Monevator's bugbears; 5 signs you're a borrowing junkie; Tax planning for pot dealers?!; 7 work habits of the highly successful; Kids party's on the cheap

Monevator's bugbears; 5 signs you're a borrowing junkie; Tax planning for pot dealers?!; 7 work habits of the highly successful; Kids party's on the cheap

By Amanda Morrall

1) Bugbears and reading 

I had to laugh reading Monevators' weekend reading blog when he opens by referencing his online debates with a "certain type of clever man" over peak oil, the rise of China, a declining manufacturing sector in the UK and a shortage of future jobs in the West.

Similar themes are perpetually debated on our website when property and housing prices aren't dominating the comment thread.

Monevator, you'll know by now, is an investment blogger from the UK with a flair for writing and a penchant for well balanced portfolio construction.

I think most of our readers will get a laugh out of his latest blog as well as find value in the best of the best financial reads from the weekend cited at the end of it.

2) Borrowing junkie no more

I've never been a borrowing junkie but I know many people who have. Breaking the cycle is never an easy thing especially when there's high debt loads involved. Here's 5 signs you're a borrowing junkie via Forbes.com

3) Tax planning for pot dealers

You have to applaud Harvard legal eagles for keeping abreast with the times. At a tax planning seminar hosted last month by Harvard professor Stephen Shay, federal taxes with respect to legal dispensaries of medical marijuana were laid bare with a view to beating the "Draconian" tax rules that applied to them.

Medical marijuana is legal now in 18 states as well as the District of Columbia so taxation has become an increasingly relevant topic for those companies specialising in its supply.

I suppose it's just a matter of time before we face a similar situation in New Zealand with marijuana arguably a cheaper form of pain relief for masses of ageing and ailing oldies.

4) 7 habits of successful people

Stephen Covey wrote the book, literally, on the 7 Habits of Highly Effective People but as 7 is a highly attractive number to both writers and leadership gurus we have a new title on the offer exploring similar themes.

Forbes Money, reporting on author Laura Vanderkam's new mini-ebook, looks outlines the 7 workplace habits of "most successful people" when they are on the job. As most of us earn a living from work, I'm sharing them here.

Keeping a work log is one of the tips in order to identify where and how your time is spent. Apparently, "knowledge workers" spend close to 30% of their day checking email, not necessarily in a productive capacity either.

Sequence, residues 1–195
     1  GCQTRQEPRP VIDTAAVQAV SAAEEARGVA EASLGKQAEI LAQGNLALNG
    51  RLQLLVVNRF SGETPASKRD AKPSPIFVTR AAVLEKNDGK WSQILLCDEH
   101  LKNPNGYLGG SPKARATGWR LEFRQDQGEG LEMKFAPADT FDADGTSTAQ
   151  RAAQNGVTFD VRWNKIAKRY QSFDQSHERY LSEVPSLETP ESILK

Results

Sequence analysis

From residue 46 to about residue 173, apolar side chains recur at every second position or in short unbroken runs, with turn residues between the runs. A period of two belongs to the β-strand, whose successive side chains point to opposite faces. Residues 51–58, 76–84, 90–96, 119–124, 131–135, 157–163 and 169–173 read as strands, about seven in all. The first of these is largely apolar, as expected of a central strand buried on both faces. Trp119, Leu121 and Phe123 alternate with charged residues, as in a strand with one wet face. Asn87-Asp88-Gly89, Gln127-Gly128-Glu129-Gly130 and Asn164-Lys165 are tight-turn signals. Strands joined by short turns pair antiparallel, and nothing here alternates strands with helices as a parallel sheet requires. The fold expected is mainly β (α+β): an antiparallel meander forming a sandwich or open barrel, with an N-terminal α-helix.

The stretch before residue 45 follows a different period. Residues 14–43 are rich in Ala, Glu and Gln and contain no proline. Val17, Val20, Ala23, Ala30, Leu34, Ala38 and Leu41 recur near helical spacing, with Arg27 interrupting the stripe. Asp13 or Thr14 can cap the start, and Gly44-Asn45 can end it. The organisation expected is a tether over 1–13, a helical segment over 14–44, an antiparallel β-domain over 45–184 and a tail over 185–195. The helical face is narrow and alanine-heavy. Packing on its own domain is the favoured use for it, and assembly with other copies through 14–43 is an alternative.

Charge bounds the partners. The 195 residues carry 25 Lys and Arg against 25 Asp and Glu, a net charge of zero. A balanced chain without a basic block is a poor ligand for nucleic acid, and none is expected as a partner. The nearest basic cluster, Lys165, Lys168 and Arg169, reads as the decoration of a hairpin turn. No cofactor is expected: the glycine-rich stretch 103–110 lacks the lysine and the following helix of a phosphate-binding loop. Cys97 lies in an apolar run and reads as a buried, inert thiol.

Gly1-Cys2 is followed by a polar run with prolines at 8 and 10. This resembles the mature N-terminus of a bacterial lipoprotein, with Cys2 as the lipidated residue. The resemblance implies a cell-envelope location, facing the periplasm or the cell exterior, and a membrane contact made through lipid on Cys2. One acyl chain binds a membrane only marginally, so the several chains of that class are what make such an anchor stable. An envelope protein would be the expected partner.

Investing in your career capital was Vanderkam most recommended tip.

5) Party on without the pain

Children's birthday parties have turned into something of a production for keen parents wanting to impress (whom I'm not sure). As a result, costs can spiral out of control. The following, from Guardian Money, looks at some simple but effective low cost party plans.

Like what you've read? You'll enjoy the book better. Here's how to order a copy of Amanda's book Money Matters: Get your Life and $ Sorted. The book is also available in ebook format as well via Amazon and is replete with hyper links to help you get your finances in order. 

You can also follow Amanda on Twitter @amandamorrall; check out her previous Take Fives here; Find out what she's up on on her own blog here.  

We welcome your help to improve our coverage of this issue. Any examples or experiences to relate? Any links to other news, data or research to shed more light on this? Any insight or views on what might happen next or what should happen next? Any errors to correct?

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Ive got a hangover from the Kids Party's and have forgotten how to use apostrophes'  :) Must be Monday.

Kids parties -  Happy to recommend Clip and Climb in Dominion Road, Auckland - we entertained 12 children there aged from 4 to 11 on Saturday morning.   Very attentive and polite staff there too ($130 all up).  
Then it was back to ours for a pile of Dominos pizzas ($25). 
Assorted junk food ($10)
Birthday cake made by birthday girl and mother the night before.
 
 
 
 
 

#1.   Grantham misses it in spades.
 
If we use finite fossil fuels as if we had 300 slaves working for each of us, 24/7, then even mentioning 'older folk working longer' suggests he misses the relativity. An older person can't put out much more than 100 watts, and only for a few hours a day. The statistic is too small to even be called 'noise'.
 
Same with the blogger. Some of us are champions of renewables, but there is no way they do what oil does, as compactly or conveniently.
 
He may have a point re capitalism - if you allow endless bankruptcies at personal/corporate/national level, I guess it can go forever. But if the bankruptcies are often and massive, or the debts are carried to impossible proportions, sooner or later you have the bleating mass questioning what 'value' is. With that confidence gone?

PDK,
  I read Grantham's quarterly report.  I would say he has put forward a possible scenario.  I certainly don't think your scenario is  a 100% certainty. Even if his scenario is no better than 5% (and I think it is at least that much and maybe even up to 20%), it is worth a read
 
I would recommend anyone else to go and read Grantham's quarterly report and see whether it is thought provoking.

#1, a mathematical failure.."Peak oil was always a bogus threat, at least in our lifetimes and those of our kids"  and you'd trust someone who cant do basic maths? ie undersatnd the expotential function?
oh dear.
NB So what about his grandkids? 
 
regards